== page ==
Many of my favorite artists, yes, I do believe have achieved a level of musical genius, at least at times. Bruce Springsteen, Bob Dylan, R.E.M., The Who, certainly the Beatles, probably many others could have that argument made for at least portions of their careers.

But here’s one more, not usually brought up right away when talking about musical genius. The Kinks.

This was a brilliant band when at its best, and it had a brilliant and quirky and wholly unique individdle, Ray Davies, leading them. And Ray without question was someone indeed touched by madcap genius at least a few times in his life.

The Kinks burst onto the scene during the first British Invasion in the mid-60s with a sound all their own. Harder, crunchier, more dangerous than anything else coming from the U.K. – not even the Rolling Stones could get nastier in those early years than “You Really Got Me” or “All Day and All of the Night.” The writing was bare and deliberate, and the music was intoxicating. It could also be ridiculously sweet, evocative and funny – “Waterloo Sunset,” “Sunny Afternoon,” “Death of a Clown” and “Til the End of the Day” were just a few examples of what they could do. By 1967 their two most recent albums, Face to Face and Something Else, showed the band firing on all cylinders.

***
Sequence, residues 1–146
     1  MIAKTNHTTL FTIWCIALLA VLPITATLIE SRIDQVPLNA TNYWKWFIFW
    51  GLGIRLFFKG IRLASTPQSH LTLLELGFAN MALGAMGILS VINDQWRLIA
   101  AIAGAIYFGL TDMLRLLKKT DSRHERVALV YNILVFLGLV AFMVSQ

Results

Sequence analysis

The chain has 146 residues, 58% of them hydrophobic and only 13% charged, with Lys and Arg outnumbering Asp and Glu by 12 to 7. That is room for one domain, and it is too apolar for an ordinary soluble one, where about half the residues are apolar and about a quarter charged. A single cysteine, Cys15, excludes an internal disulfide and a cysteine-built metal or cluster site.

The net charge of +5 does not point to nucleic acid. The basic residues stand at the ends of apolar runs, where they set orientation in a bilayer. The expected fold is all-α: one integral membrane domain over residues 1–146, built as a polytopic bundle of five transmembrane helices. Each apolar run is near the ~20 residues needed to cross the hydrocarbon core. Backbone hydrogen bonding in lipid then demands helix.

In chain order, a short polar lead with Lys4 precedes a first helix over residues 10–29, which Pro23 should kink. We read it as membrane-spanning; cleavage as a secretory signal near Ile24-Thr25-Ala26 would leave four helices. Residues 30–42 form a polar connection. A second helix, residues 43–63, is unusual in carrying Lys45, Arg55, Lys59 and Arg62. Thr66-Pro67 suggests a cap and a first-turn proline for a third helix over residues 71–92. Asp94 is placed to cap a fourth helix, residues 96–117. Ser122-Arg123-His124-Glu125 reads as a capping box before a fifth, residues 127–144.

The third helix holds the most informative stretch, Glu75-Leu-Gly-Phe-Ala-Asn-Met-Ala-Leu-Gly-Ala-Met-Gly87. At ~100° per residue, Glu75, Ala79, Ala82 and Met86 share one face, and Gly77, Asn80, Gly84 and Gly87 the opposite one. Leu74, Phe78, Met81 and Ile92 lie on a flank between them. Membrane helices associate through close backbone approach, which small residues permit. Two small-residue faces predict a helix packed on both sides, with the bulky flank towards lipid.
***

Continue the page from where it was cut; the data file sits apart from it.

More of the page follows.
But then they tried something new, and entered into a six-year period where there were few bands, if any, operating with as much consistent innovation and daring as they were. (The Beatles did, sure, until they broke up, and the Rolling Stones did until 1972. But that may be about it.) The Kinks went the way of the concept album.

The Kinks are the Village Green Preservation Society
Arthur (or the Decline and Fall of the British Empire) 
Lola versus Powerman and the Moneygoround Part One
Muswell Hillbillies
Everybody’s In Show-Biz
Preservation Acts I and II.

Yes, those were actual album titles. And they all came in a row from 1968 to 1974. And yes, to varying degrees they all worked. And the ones that worked the best (the first four, which along with Face to Face and Something Else stand as the best the band ever did) created some of the era’s greatest music.

They were also all "concept albums," built around common themes that drove the music. Meaning there was a higher degree of difficulty and that the chance of failure—of the concept not working and therefore the project falling apart—was that much greater.

Now, the Kinks didn’t invent the concept album, or even do it the best. The Beach Boys’ Pet Sounds is a decent candidate, as is The Beatles Sgt. Pepper's Lonely Hearts Club Band. But what the Kinks did more than anyone, even The Who (who became known for the concept album with their triple-shot offering of The Who Sell Out, Tommy, and Quadrophenia—and, ironically, Who's Next was the eventual result of an abandoned concept), was refine the idea. They viewed is as an actual means to producing music, rather than just a novel attempt to frame it in a different way. To wit, the Kinks did not simply create a concept and pop in songs that loosely fit it, but rather created great music and built a conceptual skin around it.